Oak View Group (OVG) has today (Thursday) appointed the Royal BAM Group (BAM) as its preferred construction partner and Populous as the principal architect and designer of its planned new arena in Manchester, while ASM Global, operator of the Manchester Arena, has called for the plans to receive “proper scrutiny” from the city council.

Yesterday, plans for the proposed new arena, which has a maximum capacity of 23,500, were published and more details of the team tasked with delivering the project have now been revealed. BAM has previously worked on projects in the North West of England, having built the City Football Academy, part of the Etihad Campus in which the new arena will sit, along with the National Graphene Institute and the Co-Operative Group HQ.

Populous, which counts the recently-opened Tottenham Hotspur Stadium among its high-profile projects, has been appointed as the principal architect and designer of OVG’s new arena. OVG said that Populous has helped it place “inclusivity, safety and sustainability” at the heart of its plans.

BAM and Populous will be joined in the project team by BuroHappold, ME Engineers, Vanguardia, Turner & Townsend and Deloitte.

OVG co-founder and chief executive Tim Leiweke said: “While we are living in uncertain times, we know that Manchester and its people are resilient. And we look forward to being intrinsic to the redevelopment of the east of the city, working in close partnership with local people who are the most important part of this project.

“Manchester is a thriving and vibrant city – and along with BAM, Populous, and our other incredible partners, we are excited about a new addition to its entertainment scene in the coming months.”

Declan Sharkey, senior principal and project architect at Populous, added: “This ground-breaking venue will set new benchmarks in sustainable arena design, as well as creating an experience and form that sits perfectly within Manchester’s architectural context and vibrant community.”

The timing of OVG’s submission of the plans has been questioned by ASM Global, which operates the 21,000-seat Manchester Arena. ASM Global, which has been fiercely opposed to OVG’s plans, has expressed concerns over whether Manchester can sustain two arenas with 20,000-plus capacities.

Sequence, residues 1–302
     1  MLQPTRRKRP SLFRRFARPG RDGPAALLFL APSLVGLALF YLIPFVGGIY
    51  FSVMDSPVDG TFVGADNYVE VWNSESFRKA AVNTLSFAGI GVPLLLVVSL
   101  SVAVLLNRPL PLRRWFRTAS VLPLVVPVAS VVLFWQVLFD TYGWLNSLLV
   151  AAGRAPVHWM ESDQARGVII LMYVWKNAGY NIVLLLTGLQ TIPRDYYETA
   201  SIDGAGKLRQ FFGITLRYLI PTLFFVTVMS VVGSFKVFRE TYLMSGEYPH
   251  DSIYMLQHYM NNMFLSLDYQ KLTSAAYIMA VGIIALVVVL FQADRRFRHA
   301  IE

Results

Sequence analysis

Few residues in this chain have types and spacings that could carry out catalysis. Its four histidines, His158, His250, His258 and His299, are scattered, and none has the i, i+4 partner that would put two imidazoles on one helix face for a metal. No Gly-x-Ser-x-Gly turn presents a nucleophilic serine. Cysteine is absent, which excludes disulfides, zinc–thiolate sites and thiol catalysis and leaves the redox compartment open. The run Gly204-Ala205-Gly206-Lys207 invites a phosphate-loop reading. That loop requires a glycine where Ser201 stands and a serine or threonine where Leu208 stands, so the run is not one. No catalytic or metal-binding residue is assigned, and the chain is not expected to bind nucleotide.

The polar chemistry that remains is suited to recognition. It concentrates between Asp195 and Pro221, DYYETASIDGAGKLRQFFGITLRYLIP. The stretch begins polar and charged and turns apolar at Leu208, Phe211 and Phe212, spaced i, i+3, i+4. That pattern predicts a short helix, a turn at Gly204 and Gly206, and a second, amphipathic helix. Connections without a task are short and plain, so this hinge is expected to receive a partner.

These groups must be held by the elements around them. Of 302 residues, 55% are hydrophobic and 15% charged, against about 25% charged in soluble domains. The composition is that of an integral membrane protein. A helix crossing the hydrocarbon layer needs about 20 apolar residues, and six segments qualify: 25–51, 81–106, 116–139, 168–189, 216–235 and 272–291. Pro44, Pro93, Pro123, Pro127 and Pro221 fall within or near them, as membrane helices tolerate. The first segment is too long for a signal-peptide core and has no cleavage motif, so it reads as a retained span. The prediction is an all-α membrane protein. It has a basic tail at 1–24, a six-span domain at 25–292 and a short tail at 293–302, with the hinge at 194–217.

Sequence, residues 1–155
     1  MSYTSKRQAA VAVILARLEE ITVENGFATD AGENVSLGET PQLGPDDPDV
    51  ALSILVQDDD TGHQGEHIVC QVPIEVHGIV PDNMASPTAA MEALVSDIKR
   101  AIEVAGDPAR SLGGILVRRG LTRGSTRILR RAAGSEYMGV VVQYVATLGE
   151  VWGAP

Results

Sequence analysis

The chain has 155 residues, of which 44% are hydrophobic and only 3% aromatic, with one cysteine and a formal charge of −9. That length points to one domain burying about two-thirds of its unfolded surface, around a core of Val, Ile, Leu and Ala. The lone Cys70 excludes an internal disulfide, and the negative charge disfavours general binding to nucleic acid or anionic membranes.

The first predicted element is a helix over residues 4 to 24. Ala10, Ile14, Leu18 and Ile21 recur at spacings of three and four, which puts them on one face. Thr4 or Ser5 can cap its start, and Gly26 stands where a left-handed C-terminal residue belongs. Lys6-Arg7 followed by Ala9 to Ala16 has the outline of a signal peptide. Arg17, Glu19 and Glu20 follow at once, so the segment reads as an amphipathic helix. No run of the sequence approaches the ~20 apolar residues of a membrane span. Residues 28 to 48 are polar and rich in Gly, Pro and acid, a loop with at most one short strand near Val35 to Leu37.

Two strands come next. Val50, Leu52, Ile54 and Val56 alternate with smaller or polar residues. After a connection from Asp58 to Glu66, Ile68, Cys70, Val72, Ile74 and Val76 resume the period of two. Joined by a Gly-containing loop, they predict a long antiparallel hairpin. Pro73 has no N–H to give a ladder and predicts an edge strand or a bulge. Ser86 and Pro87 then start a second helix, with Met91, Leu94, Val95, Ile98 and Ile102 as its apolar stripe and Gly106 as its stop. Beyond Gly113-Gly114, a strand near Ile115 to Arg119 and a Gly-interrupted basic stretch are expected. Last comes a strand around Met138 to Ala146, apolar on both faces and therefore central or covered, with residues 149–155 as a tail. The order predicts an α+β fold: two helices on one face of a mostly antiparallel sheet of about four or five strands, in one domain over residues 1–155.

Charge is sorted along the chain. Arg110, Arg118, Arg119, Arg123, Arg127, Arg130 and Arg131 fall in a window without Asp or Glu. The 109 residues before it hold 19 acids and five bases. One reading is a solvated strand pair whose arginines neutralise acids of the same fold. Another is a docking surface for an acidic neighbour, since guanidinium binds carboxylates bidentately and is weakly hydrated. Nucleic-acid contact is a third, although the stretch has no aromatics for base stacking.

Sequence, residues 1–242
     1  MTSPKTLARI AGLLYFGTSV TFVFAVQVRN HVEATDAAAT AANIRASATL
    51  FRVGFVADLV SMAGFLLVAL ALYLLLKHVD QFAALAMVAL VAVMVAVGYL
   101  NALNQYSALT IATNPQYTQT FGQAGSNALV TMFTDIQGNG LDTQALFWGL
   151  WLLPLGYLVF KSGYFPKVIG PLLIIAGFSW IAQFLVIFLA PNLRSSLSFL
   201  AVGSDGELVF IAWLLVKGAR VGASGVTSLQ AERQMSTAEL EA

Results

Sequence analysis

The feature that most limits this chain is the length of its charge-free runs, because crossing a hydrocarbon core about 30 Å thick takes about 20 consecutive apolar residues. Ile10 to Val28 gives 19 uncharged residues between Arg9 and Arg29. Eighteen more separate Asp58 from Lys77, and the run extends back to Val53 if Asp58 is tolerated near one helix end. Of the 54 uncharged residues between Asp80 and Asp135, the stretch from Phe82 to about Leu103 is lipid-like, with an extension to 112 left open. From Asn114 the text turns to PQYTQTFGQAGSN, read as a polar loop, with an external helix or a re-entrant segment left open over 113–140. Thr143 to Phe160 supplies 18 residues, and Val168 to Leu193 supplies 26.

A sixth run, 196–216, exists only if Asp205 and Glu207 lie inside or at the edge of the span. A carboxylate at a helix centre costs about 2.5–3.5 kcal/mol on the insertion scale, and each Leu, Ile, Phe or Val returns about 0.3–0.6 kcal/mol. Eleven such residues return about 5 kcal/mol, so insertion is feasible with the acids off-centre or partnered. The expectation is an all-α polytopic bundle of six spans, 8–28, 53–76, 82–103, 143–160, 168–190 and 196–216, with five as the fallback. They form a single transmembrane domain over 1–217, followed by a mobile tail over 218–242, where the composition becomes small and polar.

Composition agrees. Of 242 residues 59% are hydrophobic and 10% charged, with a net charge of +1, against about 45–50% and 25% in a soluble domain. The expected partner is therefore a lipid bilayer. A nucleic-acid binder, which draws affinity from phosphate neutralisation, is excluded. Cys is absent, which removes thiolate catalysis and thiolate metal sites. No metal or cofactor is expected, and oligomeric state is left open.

Manchester Arena is located near the city centre and OVG’s venue would be located to the east of the city, on land adjacent to Manchester City’s Etihad Stadium. With this in mind, ASM Global believes the construction of a new arena would divert footfall away from the city centre.

In a statement provided to TheStadiumBusiness.com, ASM Global said: “It is unfortunate that this planning application for an out of town arena has been submitted at an extremely challenging time for our city. The council is understandably focused on keeping the people of Manchester safe and well, and we have been doing what we can to support the national effort, including offering all our venues as temporary hospitals or emergency shelters.

“We are carefully reviewing the application documents that have been put forward alongside claims OVG has previously made around the impact to Greater Manchester’s transport, environment and economy. Existing independent analysis on market demand from Oxford Economics and Grant Thornton is clear; that two 20,000-capacity arenas in Manchester are not sustainable and will drive events and footfall to an out of town location, with devastating effects to the city centre economy and the region’s air quality.”

Manchester Arena, which OVG said operated at under 15,000-capacity for 90 per cent of events from 2014 to 2018, last month unveiled a vision that would expand its overall capacity to 24,000, making it the largest indoor arena in Europe. The arena unveiled the vision to mark 25 years since the venue opened.

ASM Global’s statement added: “Where two arenas exist in the same city elsewhere, they are not both in excess of 21,000 capacity. In London, there is one venue at 20,000 and a smaller venue at 12,500, with a population three times the size of Manchester. In Birmingham, there are two significantly smaller venues than Manchester Arena, operated by the same company, with total ticket sales across the two venues being equal to that of Manchester Arena.

“Taking Birmingham as the example, it is clear that adding a second arena at 20,000 capacity will simply split the existing number of events between two locations. Moving 50 per cent of the city’s events to Eastlands will dramatically reduce the footfall to the city’s bars, restaurants and retail.

“We sincerely hope that despite being submitted at a time of national crisis when attention is understandably focused on life saving efforts, this application will still receive proper scrutiny. We would urge the council to carefully consider whether now is the time to approve plans that will further jeopardise our city centre. We need to stand together to protect culture, entertainment and hospitality in the heart of Manchester.”

Subject to successful planning approval, it is envisaged that OVG’s arena would take three years to build, with the first events planned to be held in 2023. The project marks OVG’s first outside of its US homeland and the largest privately financed venue in the UK, with £350m (€399m/$433m) direct investment going into the city.